Wednesday, 16 April 2014

Cause and Effect

One of 'M's favourite toys at the moment is this pop-up toy. With 4 different actions resulting in an animal appearing 'M' will sit for quite some time practicing the movements required.

She goes straight to the two push actions knowing which they are and that she can do them easily. She pushes the two buttons, then closes the tops, over and over. Making vocalisations and smiles as her action causes the same effect solidifying her knowledge of this toy.


After a little while she looks to me and i take it as a cue to join in, showing her slowly how to operate the remaining slide and twist actions. These two are quite tricky for little fingers and although she has tried she can't quite manage these two yet.

The next area that catches 'M's attention is the large building blocks. She roles/shuffles over and begins pulling them off the stand and watching as some role away, and others stay where they fell.
I come to join her building a short tower inviting her to help. This often results in the tower falling rather than any blocks being added to the top but she has understood my invitation to play

Another tower of blocks and what better way to further solidify her knowledge of cause and effect by knocking them down!! I demonstrate a couple of times and then she's got it and I can hardly get a tower built before she arrived to push it over watching the blocks scatter and babbling or giggling to show her enjoyment!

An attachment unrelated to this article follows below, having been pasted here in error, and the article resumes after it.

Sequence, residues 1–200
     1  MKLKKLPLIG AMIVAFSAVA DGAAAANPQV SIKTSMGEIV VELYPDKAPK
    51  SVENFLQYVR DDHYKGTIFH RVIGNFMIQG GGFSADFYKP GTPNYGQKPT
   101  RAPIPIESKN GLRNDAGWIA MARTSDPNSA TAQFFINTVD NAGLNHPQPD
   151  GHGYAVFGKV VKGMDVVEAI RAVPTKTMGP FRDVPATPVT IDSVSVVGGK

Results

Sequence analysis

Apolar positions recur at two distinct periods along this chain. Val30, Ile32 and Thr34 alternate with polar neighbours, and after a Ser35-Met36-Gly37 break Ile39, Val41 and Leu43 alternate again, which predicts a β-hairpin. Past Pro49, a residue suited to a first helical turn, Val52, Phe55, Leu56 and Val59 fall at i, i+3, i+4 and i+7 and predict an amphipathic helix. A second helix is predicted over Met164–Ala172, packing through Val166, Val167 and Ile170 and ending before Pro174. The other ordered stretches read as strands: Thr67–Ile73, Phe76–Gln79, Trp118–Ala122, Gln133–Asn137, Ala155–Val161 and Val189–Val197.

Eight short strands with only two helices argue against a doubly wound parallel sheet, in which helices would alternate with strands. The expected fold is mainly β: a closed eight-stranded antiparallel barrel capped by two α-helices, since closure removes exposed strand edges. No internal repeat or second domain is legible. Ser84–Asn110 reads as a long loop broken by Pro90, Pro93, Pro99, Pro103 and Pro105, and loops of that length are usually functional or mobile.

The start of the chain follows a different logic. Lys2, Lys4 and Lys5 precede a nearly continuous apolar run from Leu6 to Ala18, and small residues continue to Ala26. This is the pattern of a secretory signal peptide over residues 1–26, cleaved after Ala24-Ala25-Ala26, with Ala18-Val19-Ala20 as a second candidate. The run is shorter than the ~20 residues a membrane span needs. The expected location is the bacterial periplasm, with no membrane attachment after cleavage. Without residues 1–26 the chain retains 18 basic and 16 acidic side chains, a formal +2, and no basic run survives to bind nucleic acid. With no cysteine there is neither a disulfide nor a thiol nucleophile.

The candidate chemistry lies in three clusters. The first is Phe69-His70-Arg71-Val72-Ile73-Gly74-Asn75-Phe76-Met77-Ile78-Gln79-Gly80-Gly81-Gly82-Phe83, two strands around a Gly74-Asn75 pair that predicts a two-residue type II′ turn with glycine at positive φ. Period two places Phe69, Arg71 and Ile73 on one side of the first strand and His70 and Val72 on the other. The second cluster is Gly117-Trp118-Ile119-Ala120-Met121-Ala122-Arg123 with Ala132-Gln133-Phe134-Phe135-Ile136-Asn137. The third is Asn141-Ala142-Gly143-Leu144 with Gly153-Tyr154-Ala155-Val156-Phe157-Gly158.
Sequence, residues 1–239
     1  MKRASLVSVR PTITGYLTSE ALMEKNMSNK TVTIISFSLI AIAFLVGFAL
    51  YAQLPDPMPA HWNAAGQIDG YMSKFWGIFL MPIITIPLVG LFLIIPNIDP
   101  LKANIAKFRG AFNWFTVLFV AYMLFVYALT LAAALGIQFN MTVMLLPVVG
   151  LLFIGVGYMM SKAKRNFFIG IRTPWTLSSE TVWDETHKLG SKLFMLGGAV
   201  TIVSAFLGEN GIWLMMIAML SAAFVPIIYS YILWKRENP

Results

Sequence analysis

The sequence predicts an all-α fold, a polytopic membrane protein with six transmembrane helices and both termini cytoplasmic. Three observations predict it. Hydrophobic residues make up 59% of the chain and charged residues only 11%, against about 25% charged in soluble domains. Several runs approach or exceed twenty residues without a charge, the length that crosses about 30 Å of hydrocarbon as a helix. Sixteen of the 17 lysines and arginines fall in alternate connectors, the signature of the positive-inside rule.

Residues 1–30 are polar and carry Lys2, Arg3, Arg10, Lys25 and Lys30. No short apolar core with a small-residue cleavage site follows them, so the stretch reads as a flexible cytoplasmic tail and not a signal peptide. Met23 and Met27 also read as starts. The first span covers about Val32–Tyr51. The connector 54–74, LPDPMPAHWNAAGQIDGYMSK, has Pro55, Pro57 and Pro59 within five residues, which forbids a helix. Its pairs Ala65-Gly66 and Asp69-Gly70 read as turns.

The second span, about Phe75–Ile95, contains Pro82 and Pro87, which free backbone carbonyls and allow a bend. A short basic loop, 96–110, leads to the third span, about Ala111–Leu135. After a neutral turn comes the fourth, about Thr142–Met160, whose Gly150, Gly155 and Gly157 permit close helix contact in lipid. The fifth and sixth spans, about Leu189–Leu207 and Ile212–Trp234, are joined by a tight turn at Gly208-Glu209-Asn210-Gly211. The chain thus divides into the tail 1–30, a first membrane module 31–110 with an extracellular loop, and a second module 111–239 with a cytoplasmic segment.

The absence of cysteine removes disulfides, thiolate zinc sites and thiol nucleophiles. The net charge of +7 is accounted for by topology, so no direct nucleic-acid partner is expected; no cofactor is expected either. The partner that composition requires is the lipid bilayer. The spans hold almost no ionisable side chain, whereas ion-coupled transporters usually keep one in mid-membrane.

Characteristics of Effective Learning
At just 10 months 'M's knowledge of cause and effect is being tested and explored in any way possible. She is exploring objects around her to see what they do or what she can do with them. She is attempting to copy my actions to create the same effect but in some areas she doesn't quite have the motor control or strength yet.

Next Steps
- Continue to offer the pop-up toy as a regular resource for 'M' to explore and practice with
- Build on fine motor control and strength using smaller blocks to make towers
- Introduce some sensory bottles (perhaps with sound) to explore further how her actions have an effect on objects around her

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